South Dakota Bill Would Recognize Tribal Medical Marijuana Authorizations, Public Hearing Scheduled

Legislation filed last week in South Dakota’s Legislature would provide state protections to those issued tribal medical marijuana authorizations.

Filed by Senator Shawn Bordeaux (D), Senate Bill 141 was “first read in Senate and referred to Senate Health and Human Services” on January 24. It has been scheduled for a hearing in the committee for later today.

South Dakota legalized medical marijuana in 2021. The law legally recognizes “nonresident cardholders”, described as a person diagnosed “with a debilitating medical condition”, who is “not a resident of this state or who has been a resident of this state for fewer than forty-five days”, who was “issued a currently valid registry identification card or its equivalent by another state, district, territory, commonwealth, insular possession of the United States, or country recognized by the United States that allows the person to use cannabis for medical purposes in the jurisdiction of issuance”.

Senate Bill 141 would alter this law to insert that “nonresident cardholders” also applies to someone who “resides within the boundaries of an Indian reservation and was issued a currently valid registry identification card or its equivalent by a tribe that allows the person to use cannabis for medical purposes in the jurisdiction of the reservation”.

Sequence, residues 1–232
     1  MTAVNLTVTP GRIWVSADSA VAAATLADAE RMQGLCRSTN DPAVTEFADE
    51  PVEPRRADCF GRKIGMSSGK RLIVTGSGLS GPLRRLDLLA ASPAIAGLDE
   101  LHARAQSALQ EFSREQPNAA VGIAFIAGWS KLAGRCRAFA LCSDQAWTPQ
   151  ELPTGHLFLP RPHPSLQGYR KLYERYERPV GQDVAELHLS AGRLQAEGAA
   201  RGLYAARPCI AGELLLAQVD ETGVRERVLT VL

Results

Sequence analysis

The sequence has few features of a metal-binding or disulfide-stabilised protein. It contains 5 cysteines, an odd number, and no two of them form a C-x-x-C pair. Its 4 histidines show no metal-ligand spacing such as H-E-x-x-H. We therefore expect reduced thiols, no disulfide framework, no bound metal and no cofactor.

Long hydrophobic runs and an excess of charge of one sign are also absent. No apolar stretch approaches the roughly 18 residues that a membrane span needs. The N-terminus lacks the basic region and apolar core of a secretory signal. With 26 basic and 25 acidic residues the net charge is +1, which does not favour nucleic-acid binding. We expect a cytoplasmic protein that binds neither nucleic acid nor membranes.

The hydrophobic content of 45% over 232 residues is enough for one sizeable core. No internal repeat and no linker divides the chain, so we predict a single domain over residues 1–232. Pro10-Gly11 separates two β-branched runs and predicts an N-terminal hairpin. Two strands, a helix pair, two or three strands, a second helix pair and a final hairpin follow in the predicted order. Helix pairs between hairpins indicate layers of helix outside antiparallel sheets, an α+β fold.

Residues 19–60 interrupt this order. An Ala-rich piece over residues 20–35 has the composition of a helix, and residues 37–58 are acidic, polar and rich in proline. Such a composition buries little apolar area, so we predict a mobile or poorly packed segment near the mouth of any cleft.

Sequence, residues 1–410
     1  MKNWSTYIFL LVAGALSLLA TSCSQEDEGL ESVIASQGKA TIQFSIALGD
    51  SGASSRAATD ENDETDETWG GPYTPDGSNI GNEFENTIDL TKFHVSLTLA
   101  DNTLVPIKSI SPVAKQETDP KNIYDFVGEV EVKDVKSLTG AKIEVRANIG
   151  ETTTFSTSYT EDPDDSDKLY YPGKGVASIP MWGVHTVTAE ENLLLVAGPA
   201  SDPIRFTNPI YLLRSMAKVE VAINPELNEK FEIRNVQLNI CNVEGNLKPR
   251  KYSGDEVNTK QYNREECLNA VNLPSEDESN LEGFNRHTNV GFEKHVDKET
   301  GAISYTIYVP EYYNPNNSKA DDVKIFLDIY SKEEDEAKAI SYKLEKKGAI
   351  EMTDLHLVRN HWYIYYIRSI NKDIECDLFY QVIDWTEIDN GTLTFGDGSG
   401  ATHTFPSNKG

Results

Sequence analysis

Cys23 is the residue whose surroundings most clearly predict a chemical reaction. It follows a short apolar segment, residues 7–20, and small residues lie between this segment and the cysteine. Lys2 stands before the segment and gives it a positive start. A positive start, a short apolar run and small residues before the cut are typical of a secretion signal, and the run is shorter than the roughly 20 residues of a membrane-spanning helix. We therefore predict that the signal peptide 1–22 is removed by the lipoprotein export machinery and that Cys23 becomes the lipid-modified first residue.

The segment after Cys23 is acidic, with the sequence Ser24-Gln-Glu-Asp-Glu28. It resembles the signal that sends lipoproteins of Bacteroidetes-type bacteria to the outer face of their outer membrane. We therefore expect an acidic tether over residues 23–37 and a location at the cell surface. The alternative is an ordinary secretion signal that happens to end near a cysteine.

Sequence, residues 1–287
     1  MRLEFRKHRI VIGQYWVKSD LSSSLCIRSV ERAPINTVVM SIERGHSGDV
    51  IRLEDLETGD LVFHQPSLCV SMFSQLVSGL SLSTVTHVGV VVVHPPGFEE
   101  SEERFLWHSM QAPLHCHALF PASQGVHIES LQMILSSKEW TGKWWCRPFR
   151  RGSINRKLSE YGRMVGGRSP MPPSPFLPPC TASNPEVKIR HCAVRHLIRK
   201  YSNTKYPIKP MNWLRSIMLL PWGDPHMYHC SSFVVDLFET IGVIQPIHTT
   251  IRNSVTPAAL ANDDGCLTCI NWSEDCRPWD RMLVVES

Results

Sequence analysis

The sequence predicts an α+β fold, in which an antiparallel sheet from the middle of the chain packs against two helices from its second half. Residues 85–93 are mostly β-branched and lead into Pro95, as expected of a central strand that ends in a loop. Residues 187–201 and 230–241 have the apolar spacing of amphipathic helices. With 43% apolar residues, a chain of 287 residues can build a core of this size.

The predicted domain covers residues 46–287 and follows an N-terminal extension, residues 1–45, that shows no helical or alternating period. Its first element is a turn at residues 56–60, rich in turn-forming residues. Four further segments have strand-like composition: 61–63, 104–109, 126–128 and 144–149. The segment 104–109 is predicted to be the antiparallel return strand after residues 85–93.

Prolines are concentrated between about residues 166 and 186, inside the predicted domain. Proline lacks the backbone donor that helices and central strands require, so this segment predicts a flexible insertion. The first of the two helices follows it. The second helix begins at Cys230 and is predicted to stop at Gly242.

The Senate Health and Human Services Committee voted 5 to 2 on Wednesday to defer any action on Senate Bill 82, which would have forced those seeking a medical marijuana authorization to obtain it exclusively through their primary care physician or a healthcare provider recommended by their primary physician. The legislation would have imposed criminal penalties on doctors who recommended medical marijuana to someone who they are not a primary physician for.

According to polling released last week, 45% of likely South Dakota voters support legalizing recreational marijuana, with 42% opposed. An initiative to legalize marijuana was approved by voters in 2020, but failed to become law due to a legal technicality. A subsequent legalization effort was rejected with 52% voting in opposition. Proponents of legalization in the state have filed initiatives seeking to place the issue again before voters during this year’s November election.

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